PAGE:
Study Guide

Serena Principles

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President Eisenhower once said, "A people that values its privileges above its principles soon loses both." Too bad for Serena and Pemberton because they definitely care more about their cozy lifestyle than doing the right thing. By contrast, Sheriff McDowell and Joel Vaughn risk their own necks to help save Rachel and Jacob.

Serena offers us different views of principles. Some characters have none while others are more flexible on theirs—remember that even McDowell and Rachel are willing to commit murder in the end. The truth is that the book never gives us an answer one way or another about how much principles matter or how they can change in different situations. That, Shmoopers, is left up to us to decide for ourselves.

Questions About Principles

  1. Who is the most principled character in Serena? Where do you think these principles come from?
  2. The workers know that working for the Pembertons compromises their principles, but they need the money. Do you think this makes them un-principled? Why or why not?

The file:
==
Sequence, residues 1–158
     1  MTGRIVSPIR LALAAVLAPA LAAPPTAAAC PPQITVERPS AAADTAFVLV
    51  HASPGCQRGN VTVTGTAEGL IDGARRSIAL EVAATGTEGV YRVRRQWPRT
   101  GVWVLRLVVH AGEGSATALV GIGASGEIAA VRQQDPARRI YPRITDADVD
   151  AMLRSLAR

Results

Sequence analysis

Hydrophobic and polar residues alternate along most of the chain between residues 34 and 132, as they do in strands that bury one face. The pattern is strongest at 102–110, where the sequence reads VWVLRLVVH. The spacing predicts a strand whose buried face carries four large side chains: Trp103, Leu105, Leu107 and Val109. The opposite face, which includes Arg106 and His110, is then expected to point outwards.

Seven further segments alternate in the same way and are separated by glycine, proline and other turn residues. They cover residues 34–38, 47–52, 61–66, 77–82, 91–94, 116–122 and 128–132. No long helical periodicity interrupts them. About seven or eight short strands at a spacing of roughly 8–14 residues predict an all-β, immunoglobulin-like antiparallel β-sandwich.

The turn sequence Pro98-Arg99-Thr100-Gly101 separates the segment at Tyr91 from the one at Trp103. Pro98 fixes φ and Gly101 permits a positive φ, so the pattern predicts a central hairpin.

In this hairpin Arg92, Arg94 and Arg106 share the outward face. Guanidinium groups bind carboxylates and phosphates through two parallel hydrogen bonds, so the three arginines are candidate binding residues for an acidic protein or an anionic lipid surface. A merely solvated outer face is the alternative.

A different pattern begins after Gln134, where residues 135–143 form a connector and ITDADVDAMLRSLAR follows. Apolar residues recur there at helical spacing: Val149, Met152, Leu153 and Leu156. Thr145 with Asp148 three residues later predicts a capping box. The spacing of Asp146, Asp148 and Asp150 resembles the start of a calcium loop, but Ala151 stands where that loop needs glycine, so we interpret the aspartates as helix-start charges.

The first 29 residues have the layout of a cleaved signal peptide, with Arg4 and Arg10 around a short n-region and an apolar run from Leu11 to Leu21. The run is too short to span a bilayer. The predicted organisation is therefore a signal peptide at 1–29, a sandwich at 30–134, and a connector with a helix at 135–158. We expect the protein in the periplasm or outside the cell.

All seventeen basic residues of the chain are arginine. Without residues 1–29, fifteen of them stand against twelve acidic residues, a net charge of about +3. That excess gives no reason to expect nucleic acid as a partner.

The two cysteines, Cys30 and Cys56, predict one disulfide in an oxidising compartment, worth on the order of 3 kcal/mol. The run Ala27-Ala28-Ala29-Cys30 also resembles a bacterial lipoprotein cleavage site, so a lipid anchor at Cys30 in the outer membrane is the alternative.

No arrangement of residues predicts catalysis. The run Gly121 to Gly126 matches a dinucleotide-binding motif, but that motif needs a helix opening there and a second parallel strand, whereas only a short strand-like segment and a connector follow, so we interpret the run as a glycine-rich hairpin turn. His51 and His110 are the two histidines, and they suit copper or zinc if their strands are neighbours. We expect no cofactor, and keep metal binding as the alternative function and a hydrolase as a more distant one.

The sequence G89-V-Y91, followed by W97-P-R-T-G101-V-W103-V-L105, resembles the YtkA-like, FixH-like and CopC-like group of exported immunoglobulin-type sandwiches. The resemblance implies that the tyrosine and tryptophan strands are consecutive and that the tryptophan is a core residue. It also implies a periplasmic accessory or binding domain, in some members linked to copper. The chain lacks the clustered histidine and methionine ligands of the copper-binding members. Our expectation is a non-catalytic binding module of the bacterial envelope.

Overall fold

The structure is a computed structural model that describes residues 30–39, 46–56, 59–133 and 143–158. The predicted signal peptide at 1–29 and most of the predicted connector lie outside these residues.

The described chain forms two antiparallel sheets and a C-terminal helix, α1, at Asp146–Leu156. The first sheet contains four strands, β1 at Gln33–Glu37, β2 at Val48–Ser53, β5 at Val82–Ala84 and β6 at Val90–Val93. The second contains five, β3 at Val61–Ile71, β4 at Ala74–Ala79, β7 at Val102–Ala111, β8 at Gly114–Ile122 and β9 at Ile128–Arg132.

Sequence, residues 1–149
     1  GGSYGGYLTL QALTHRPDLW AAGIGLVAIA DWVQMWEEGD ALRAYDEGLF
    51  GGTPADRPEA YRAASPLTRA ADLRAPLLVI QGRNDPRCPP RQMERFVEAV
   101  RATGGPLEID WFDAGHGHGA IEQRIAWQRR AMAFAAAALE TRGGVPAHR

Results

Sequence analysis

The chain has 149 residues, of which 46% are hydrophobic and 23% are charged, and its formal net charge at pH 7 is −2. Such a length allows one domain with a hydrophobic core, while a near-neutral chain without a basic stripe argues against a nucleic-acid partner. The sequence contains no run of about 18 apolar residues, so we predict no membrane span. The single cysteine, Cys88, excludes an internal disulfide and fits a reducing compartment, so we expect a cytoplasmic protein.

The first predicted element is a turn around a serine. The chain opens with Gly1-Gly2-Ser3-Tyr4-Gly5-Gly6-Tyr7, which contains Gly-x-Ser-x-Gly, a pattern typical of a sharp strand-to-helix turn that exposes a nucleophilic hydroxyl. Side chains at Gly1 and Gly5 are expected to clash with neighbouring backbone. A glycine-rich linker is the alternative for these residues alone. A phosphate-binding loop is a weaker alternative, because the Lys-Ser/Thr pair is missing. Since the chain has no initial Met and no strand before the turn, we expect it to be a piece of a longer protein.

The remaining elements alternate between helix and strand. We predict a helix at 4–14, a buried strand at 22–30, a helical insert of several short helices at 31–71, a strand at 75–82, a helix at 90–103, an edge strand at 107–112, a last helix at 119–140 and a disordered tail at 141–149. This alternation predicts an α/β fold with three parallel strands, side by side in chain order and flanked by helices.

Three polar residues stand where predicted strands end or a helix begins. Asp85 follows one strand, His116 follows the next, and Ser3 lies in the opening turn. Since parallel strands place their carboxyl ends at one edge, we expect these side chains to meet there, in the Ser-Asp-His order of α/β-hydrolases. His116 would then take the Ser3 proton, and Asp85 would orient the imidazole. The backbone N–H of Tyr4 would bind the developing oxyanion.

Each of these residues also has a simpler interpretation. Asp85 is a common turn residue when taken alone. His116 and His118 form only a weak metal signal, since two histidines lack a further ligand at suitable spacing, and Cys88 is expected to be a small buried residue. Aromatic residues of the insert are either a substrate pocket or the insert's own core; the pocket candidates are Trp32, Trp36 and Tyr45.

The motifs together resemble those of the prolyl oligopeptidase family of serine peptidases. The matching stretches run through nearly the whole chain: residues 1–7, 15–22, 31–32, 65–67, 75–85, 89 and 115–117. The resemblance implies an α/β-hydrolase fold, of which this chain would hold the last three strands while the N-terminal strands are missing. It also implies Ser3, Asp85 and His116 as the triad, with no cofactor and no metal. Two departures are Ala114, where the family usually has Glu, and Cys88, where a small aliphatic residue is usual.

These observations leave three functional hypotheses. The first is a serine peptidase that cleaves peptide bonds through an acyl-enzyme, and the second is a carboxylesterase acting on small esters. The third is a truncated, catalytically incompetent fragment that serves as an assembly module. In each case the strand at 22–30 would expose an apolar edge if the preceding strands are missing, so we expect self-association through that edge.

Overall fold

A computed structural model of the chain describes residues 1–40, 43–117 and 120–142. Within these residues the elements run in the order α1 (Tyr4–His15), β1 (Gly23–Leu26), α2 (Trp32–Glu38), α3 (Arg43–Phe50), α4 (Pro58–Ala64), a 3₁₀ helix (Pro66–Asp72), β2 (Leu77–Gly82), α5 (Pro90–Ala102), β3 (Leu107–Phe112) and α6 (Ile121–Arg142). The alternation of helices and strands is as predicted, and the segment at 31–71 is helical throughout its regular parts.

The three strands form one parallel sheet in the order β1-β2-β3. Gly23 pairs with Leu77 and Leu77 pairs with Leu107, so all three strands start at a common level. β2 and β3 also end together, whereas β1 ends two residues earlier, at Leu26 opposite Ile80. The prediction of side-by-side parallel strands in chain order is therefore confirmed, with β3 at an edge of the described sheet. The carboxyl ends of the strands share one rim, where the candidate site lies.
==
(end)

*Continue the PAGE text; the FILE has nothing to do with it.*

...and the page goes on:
3. What are some of your principles? Would you quit your job if one of those principles were violated?

Chew on This

Even though the workers and McDowell hate the Pembertons' lack of principles, they don't have them either when it comes down to it.

While the workers know the Pembertons compromise their principles, they don't have a choice about working for them because it's super hard to get work and their families have to eat. Serena shows us that principles are a privilege.

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